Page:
Michelangelo quickly sought to build a new version in 1519 to meet his end of the deal on the commission. He began working on the statue in Florence and later entrusted the final touches to his apprentice, Pietro Urbano, who was based in Rome. Unfortunately, Urbano damaged the work so Michelangelo had to find another replacement to finish the sculpture. This time he employed the assistance of Federico Frizzi.

Examples of Famous Renaissance SculpturesCristo della Minerva (1514 – 1521) By Michelangelo, located in the Santa Maria sopra Minerva in Rome, Italy; User:Tetraktys, CC BY-SA 3.0, via Wikimedia Commons

The first version of the sculpture remained with Metello Vari for use in his garden at his palazzo. He treasured it regardless of its rough appearance as if it were gold. Later on, it was found that the statue was put up for sale around 1607 and thereafter disappeared from the records. The first version later reappeared in 2000 after Irene Baldriga recognized the statue at the church of San Vincenzo Martire. The black vein was apparent on Christ’s left cheek and acquired a new title, Giustiniani Christ.

Luckily, the final version of the statue received much adoration from Michelangelo’s contemporaries. It was described as a sculpture “worthy of more than Rome itself” – and this was a comment made strictly in reference to Christ’s knees, made by Sebastiano del Piombo.

The nude Christ stands with his genitals exposed, which references his sexuality and freedom of will over his sexuality. This meant that Christ was not controlled by lust and is symbolic of his victory over sin and death. Later on, in 1546, a bronze loincloth was added to the statue to conceal his genitals.


Abraham and Isaac (1526 – 1532) by Alonso Berruguete

Artist Name Alonso González de Berruguete (1490 – 1561)
Date1526 – 1532
MediumPolychromed wood
Dimensions (cm)89 x 46 x 32
Where It Is HousedMuseo Nacional de Escultura, Valladolid, Spain

Perhaps one of the most famous Spanish painters and sculptors, Alonso Berruguete delivered this famous Renaissance masterpiece between 1526 and 1532. Berruguete made artworks for many wealthy patrons across the Iberian Peninsula. While many depictions of the famous biblical scene have been portrayed with plenty of dramatic flair, Berruguete focuses on the intense emotions expressed by the subjects.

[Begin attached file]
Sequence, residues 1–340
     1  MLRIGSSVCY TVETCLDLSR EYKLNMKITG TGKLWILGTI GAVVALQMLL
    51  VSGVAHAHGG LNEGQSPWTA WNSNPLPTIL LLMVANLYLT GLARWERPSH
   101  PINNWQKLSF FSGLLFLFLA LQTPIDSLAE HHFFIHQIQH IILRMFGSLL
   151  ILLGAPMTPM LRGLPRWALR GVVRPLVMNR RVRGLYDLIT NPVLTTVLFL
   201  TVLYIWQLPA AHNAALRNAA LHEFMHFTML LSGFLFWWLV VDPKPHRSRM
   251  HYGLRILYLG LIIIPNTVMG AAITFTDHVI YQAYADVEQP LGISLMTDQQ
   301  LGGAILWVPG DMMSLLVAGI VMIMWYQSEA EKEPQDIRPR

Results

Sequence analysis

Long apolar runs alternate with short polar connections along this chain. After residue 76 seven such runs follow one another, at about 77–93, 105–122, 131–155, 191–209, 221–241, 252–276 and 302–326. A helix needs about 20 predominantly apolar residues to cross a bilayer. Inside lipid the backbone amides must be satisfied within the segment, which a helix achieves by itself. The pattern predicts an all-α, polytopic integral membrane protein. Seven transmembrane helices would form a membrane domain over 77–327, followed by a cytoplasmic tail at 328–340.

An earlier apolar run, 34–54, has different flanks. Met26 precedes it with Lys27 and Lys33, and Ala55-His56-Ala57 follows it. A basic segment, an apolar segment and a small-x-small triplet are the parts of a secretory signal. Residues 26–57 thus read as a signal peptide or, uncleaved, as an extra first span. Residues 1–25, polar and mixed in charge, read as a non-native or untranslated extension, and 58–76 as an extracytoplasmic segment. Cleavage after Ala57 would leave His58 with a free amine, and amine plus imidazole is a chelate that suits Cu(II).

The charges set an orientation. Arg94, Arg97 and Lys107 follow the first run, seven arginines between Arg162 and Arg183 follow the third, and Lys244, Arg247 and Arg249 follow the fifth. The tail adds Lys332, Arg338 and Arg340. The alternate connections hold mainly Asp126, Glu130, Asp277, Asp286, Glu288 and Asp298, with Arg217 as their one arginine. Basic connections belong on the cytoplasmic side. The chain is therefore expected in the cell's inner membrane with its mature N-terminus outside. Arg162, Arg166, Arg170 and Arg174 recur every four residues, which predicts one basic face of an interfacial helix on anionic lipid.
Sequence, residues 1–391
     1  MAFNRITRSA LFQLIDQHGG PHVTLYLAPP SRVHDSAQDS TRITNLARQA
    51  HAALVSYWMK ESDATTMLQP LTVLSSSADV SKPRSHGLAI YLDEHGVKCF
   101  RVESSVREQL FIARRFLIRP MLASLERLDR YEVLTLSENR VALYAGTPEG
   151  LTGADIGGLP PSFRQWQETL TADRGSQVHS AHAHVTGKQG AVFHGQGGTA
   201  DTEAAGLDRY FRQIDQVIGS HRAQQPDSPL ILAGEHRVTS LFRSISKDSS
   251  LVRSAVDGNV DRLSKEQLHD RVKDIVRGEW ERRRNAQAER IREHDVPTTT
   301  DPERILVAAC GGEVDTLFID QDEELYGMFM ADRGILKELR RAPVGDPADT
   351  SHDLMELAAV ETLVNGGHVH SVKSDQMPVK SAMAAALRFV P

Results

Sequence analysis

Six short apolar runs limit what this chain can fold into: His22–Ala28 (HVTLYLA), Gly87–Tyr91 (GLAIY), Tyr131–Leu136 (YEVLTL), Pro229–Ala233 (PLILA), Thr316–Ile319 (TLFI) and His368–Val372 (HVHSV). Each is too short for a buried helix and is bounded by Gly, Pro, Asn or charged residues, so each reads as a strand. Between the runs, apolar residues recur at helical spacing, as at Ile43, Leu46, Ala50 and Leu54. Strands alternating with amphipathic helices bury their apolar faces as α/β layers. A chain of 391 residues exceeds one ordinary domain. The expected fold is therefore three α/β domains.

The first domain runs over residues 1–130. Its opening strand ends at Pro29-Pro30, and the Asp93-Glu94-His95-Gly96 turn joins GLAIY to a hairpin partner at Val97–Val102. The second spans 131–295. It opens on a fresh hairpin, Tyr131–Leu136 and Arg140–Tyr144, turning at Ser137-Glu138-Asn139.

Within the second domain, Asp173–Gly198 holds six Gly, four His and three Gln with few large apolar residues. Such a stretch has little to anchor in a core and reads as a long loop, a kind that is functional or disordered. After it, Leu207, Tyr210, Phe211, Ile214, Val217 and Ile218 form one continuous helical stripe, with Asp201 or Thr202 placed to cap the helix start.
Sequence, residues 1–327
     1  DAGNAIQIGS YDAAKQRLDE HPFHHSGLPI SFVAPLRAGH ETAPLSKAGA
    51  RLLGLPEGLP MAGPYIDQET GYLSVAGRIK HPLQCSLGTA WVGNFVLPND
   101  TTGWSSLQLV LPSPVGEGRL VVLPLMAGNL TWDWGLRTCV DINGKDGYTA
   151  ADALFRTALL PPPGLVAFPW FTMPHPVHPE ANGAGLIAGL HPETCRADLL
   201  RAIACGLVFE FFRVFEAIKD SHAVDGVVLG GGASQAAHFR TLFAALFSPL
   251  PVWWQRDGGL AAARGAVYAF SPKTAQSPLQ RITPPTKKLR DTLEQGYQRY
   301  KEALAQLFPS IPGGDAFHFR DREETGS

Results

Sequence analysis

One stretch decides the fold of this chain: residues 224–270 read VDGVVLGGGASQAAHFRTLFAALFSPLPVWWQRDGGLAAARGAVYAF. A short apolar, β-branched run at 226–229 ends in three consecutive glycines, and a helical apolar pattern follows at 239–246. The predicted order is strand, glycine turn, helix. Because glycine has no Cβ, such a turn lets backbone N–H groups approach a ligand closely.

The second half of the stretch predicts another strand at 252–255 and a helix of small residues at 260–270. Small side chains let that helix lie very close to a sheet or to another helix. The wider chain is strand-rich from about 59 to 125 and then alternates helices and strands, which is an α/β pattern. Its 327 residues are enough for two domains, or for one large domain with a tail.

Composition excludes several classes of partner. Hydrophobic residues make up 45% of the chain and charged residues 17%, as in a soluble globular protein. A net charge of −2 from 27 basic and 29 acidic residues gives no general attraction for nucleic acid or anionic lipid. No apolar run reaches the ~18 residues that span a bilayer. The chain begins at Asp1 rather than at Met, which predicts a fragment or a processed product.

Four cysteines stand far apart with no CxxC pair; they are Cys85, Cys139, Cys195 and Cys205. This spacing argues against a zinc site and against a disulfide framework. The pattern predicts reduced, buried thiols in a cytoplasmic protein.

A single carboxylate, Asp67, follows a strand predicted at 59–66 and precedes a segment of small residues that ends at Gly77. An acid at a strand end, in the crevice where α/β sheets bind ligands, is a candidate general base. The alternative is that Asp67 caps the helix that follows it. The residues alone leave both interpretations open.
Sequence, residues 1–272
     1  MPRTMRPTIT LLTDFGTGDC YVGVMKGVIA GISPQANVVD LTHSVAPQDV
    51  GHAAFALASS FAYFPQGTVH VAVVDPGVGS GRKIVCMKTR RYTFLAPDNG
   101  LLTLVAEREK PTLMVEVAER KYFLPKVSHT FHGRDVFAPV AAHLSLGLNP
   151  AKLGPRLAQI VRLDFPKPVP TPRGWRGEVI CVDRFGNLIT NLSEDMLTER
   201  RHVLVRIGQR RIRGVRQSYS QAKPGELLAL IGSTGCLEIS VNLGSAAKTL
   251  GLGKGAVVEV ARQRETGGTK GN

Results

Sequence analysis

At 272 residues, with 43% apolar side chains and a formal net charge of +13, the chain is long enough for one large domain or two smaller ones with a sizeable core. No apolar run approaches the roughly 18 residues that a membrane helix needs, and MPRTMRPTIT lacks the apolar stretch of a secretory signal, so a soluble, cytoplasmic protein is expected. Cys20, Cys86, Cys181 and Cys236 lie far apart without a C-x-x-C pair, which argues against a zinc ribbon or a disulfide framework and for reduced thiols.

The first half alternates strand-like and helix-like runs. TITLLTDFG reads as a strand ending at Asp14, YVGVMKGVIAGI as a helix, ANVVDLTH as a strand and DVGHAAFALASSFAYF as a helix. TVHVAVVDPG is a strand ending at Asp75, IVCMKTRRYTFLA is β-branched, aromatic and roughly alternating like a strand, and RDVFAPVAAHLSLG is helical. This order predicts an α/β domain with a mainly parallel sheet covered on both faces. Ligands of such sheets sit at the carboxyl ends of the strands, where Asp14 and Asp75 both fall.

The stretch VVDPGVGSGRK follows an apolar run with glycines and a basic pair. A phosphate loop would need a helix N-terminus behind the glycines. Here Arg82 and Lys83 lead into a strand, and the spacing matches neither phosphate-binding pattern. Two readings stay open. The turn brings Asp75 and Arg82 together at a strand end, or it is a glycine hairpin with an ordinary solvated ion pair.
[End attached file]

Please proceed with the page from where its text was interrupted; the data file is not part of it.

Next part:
Berruguete skillfully evokes the moment of despair between Abraham and Isaac, prior to their moment of salvation when an angel decides to stop the sacrifice.

Despite being crafted in wood, the statue is painted in exquisite polychrome colors and the technical execution behind the wood is excellent. The drapery around Abraham’s body and Isaac’s torso was made using a technique called estofado. The statue was constructed by Berruguete and his assistants and decorated using a gold leaf covering and polished.

After the gilding, the statue was then coated in a layer of tempera and then scratched away to reveal the gold brilliance underneath, which beautifully highlighted the floral and geometric designs. The technique that Berruguete used to depict the bodies and faces of the figures is known as encarnación. This technique is said to have required a particular skill set and makes this sculpture even more unique.

The faces and bodies of the figures were coated in gesso and then in lead white paint. After this, Berruguete added finer details to the skin tone and hair using pink glazes to add a sense of life.


Perseus with the Head of Medusa (1545) by Benvenuto Cellini

Artist Name Benvenuto Cellini (1500 – 1571)
Dimensions (cm)550
Where It Is HousedLoggia de Lanzi, Piazza della Signoria, Florence, Italy

Benvenuto Cellini was an established sculptor and goldsmith of the Italian Renaissance who was also commissioned by Cosimo de’Medici to create this sculpture depicting Perseus with the Head of Medusa. Sculpted in 1545, the sculpture was installed in one of the most central piazzas in Florence, the Loggia, and catches the eye of any passerby.

The statue was created using a single bronze cast, which was uncommon given that many bronze sculptors made their works in separate sections. The base of the statue is also the sculpture itself since Perseus stands over Medusa’s slain body.

Late RenaissancePerseus with the Head of Medusa (1545) by Benvenuto Cellini, located in the Piazza della Signoria in Florence, Italy; Bradley Weber, CC BY 2.0, via Wikimedia Commons

Furthermore, Cellini added a personal touch to the statue by including his reflection in the back of Perseus’ helmet and this sparks the interest of the viewer to also critique the role of the artist in sculpture. In one gesture of reflection, Cellini also uses his reflection to remind viewers of the way that Perseus surpassed Medusa’s powers. He evaded her glance by observing her from her reflection on his shield, thus enabling him to defeat and behead her.

The statue of Perseus with the Head of Medusa also served as a reinforcement and reminder of the power that the Medicis had over the people of Italy. Cellini is also best known for his sculpture, Cellini Salt Cellar (1543).


Abduction of a Sabine Woman (1579 – 1583) by Giovanni da Bologna

Artist Name Giovanni da Bologna (Giambologna) (1529 – 1608)
Date1579 – 1583
Dimensions (cm)410